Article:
Gray Hair Cure? Gray Hair Treatment Discovered

By Zachary Stieber
Zachary Stieber
Zachary Stieber
Zachary Stieber covers U.S. and world news. He is based in Maryland.
May 6, 2013 Updated: July 18, 2015

Gray hair cure? “The cure for gray hair is coming,” according to a new study.

A team of European researchers declare that the need to dye gray hair “will be a thing of the past,” according to a press release.

In a new report published in The FASEB Journal, the researchers found that grey hair is caused by stress which causes a “massive accumulation of hydrogen peroxide,” which in effect causes hair to bleach itself from the inside out. 

The problem can be fixed with a treatment developed as a topical compound that was created to treat a skin condition caused vitiligo. 

“To date, it is beyond any doubt that the sudden loss of the inherited skin and localized hair color can affect those individuals in many fundamental ways,” said Karin U. Schallreuter, M.D., study author from the Institute for Pigmentary Disorders in association with E.M. Arndt University of Greifswald, Germany and the Centre for Skin Sciences, School of Life Sciences at the University of Bradford, United Kingdom. “The improvement of quality of life after total and even partial successful repigmentation has been documented.”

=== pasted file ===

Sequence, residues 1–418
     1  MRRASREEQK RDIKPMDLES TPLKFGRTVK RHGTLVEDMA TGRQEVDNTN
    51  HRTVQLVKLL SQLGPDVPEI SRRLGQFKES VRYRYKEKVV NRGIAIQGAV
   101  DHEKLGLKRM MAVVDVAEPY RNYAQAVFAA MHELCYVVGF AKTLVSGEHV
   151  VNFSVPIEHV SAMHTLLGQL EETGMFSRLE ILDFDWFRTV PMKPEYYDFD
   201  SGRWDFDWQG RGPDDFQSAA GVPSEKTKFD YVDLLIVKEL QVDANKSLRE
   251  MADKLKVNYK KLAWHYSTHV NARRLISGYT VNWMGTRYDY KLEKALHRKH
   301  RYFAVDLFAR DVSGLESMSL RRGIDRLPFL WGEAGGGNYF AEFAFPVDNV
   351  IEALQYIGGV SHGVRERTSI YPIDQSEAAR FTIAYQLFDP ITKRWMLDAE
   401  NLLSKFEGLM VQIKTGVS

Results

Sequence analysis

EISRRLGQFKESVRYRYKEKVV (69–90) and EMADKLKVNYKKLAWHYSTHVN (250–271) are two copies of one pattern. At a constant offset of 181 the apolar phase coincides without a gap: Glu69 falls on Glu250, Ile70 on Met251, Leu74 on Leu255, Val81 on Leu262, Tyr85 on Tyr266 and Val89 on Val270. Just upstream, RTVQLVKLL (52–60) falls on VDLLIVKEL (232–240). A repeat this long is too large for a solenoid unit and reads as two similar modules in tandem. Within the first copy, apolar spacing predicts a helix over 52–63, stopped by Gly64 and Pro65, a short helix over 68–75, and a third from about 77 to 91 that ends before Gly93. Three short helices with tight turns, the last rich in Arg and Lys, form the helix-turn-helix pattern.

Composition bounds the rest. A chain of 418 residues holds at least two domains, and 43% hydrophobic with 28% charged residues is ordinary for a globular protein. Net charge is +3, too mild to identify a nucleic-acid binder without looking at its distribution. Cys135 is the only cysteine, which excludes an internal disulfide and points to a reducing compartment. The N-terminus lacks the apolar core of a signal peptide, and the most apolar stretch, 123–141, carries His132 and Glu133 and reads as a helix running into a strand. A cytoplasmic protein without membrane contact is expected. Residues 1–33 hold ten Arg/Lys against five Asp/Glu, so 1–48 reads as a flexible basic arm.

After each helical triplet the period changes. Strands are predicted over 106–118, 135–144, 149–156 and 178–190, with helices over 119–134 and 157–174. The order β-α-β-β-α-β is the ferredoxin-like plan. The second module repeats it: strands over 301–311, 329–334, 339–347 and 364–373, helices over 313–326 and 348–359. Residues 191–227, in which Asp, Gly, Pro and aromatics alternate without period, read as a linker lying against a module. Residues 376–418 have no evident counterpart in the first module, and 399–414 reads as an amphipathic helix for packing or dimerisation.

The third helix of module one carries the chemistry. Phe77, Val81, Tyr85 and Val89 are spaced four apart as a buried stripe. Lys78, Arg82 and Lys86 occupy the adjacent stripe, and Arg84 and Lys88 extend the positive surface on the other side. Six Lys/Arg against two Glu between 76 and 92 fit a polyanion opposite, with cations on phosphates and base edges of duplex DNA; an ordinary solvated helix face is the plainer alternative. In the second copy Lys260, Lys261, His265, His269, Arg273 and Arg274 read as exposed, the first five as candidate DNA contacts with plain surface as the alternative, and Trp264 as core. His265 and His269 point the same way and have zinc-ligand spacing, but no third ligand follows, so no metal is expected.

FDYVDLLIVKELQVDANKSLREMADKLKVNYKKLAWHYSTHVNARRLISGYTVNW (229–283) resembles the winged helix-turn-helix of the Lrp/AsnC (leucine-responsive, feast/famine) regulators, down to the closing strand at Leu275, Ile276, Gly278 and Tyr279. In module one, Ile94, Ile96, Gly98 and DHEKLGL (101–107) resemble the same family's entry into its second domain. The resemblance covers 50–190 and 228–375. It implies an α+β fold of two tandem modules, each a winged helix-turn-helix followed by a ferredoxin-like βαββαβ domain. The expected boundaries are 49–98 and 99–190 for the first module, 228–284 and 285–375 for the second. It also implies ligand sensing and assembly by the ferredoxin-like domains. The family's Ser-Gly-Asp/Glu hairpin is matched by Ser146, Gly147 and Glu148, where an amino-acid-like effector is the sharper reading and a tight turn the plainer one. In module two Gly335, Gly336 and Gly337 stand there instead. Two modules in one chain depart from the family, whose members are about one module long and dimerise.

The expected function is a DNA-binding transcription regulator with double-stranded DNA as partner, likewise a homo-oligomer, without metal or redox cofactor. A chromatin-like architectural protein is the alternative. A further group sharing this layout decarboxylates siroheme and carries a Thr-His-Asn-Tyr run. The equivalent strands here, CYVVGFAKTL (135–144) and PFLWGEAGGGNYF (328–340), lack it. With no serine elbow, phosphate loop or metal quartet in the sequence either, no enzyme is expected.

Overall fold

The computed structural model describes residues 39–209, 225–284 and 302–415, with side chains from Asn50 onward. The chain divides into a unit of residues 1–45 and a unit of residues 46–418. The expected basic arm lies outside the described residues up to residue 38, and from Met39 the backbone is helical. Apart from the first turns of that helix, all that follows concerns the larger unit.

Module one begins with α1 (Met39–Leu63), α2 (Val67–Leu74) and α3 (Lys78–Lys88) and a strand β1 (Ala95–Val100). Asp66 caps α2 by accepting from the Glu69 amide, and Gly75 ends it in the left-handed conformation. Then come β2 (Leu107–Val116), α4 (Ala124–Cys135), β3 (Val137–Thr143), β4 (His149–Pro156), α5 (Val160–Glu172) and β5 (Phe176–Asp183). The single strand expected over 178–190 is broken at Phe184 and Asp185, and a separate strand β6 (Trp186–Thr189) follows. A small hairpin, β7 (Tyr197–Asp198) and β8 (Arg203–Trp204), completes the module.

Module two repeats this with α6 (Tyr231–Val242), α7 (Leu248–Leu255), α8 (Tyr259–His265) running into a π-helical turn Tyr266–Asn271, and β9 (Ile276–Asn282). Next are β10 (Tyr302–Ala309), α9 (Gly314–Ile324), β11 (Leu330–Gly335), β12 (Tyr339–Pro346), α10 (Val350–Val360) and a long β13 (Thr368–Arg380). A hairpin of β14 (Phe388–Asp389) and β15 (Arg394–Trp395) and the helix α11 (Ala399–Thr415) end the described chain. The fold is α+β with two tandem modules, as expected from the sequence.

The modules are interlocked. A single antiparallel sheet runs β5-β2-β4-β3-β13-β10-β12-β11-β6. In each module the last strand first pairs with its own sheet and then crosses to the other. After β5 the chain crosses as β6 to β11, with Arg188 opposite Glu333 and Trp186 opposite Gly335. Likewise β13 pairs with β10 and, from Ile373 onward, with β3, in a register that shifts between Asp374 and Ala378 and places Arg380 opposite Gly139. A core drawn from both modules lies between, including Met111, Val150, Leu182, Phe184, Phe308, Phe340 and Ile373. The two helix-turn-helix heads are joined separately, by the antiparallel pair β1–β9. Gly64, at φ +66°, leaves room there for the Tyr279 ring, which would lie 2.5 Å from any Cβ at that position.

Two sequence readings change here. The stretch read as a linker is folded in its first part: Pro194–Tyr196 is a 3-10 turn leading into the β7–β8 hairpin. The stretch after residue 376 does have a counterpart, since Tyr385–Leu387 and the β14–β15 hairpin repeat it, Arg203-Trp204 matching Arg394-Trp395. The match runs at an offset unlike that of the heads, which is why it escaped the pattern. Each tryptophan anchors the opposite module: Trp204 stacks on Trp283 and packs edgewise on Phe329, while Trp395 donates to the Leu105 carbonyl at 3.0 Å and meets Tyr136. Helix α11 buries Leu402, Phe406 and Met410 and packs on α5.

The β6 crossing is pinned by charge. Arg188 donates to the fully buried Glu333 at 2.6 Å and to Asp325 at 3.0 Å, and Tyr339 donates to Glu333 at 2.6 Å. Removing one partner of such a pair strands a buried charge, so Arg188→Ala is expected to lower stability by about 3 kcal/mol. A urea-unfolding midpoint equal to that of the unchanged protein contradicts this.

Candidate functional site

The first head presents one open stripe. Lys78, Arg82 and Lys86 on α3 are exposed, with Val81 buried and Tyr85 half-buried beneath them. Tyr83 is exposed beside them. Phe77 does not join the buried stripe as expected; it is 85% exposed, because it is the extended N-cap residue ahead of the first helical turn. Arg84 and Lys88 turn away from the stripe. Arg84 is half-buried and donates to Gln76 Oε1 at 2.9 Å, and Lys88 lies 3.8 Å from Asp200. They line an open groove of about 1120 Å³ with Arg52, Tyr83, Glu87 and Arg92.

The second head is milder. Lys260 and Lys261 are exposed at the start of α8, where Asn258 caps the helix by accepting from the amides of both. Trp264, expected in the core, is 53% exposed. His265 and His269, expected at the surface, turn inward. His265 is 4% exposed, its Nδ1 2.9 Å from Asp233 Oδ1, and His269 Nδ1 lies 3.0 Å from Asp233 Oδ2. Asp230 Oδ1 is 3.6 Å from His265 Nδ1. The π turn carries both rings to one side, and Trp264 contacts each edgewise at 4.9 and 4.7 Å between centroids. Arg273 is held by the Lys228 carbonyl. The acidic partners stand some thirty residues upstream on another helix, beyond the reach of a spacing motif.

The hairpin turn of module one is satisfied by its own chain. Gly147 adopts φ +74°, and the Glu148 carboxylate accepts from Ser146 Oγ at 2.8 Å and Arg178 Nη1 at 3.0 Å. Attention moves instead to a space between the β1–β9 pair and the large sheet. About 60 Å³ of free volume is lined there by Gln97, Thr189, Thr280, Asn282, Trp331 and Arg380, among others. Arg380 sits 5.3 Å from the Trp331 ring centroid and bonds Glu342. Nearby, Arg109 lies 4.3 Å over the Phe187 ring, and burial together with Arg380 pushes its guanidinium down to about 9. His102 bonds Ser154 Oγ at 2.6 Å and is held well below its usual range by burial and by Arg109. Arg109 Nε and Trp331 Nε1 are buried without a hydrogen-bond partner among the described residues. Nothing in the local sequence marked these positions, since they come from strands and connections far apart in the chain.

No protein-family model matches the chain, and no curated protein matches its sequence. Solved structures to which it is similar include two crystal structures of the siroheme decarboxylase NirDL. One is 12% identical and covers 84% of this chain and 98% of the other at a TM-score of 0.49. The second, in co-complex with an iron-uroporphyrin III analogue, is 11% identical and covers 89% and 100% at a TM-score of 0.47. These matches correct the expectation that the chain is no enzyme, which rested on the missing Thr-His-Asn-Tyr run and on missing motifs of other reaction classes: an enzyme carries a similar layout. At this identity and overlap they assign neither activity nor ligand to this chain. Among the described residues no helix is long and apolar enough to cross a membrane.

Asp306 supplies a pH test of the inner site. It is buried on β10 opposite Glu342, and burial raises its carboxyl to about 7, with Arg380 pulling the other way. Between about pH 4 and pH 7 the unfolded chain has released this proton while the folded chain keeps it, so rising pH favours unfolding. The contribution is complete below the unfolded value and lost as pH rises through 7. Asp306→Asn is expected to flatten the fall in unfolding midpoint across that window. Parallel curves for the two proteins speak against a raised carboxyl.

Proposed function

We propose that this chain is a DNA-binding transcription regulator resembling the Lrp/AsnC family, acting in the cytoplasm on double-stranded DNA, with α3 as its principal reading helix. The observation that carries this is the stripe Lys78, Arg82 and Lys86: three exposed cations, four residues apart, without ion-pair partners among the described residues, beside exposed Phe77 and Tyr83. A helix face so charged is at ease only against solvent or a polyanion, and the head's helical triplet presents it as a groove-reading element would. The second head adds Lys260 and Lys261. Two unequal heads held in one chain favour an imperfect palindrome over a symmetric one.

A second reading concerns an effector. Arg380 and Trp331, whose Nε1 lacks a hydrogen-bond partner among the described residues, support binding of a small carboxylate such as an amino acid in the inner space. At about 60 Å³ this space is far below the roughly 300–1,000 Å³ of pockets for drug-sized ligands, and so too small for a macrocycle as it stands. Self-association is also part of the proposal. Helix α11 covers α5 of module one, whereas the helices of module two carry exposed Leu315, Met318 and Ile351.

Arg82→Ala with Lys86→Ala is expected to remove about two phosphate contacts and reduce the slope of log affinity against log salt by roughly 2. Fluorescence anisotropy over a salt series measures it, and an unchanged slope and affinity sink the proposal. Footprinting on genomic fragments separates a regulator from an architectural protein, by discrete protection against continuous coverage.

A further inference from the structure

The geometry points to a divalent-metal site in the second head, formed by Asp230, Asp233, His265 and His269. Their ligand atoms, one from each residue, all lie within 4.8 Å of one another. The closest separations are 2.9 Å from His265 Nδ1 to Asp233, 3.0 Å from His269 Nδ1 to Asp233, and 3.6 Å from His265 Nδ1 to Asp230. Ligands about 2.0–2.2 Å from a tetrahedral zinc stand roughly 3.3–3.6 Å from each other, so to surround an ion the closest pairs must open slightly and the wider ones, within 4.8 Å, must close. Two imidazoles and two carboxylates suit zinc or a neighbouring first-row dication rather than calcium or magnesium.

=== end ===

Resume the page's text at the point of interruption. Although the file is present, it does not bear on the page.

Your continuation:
Schallreuter and colleagues analayzed a group of 2,411 patients with vitiligo, a skin condition that causes a loss of brown color (pigment) from the skin, leaving white patches. 

Because the researchers were able to treat vitiligo patients with a cream that reduced the amount of hydrogen peroxide in the skin, they are saying that the same type of treatment could be used to treat gray hair.

“For generations, numerous remedies have been concocted to hide gray hair,” said Gerald Weissmann, M.D., Editor-in-Chief of The FASEB Journal, “but now, for the first time, an actual treatment that gets to the root of the problem has been developed. While this is exciting news, what’s even more exciting is that this also works for vitiligo. This condition, while technically cosmetic, can have serious socio-emotional effects of people. Developing an effective treatment for this condition has the potential to radically improve many people’s lives.”

Zachary Stieber
Zachary Stieber covers U.S. and world news. He is based in Maryland.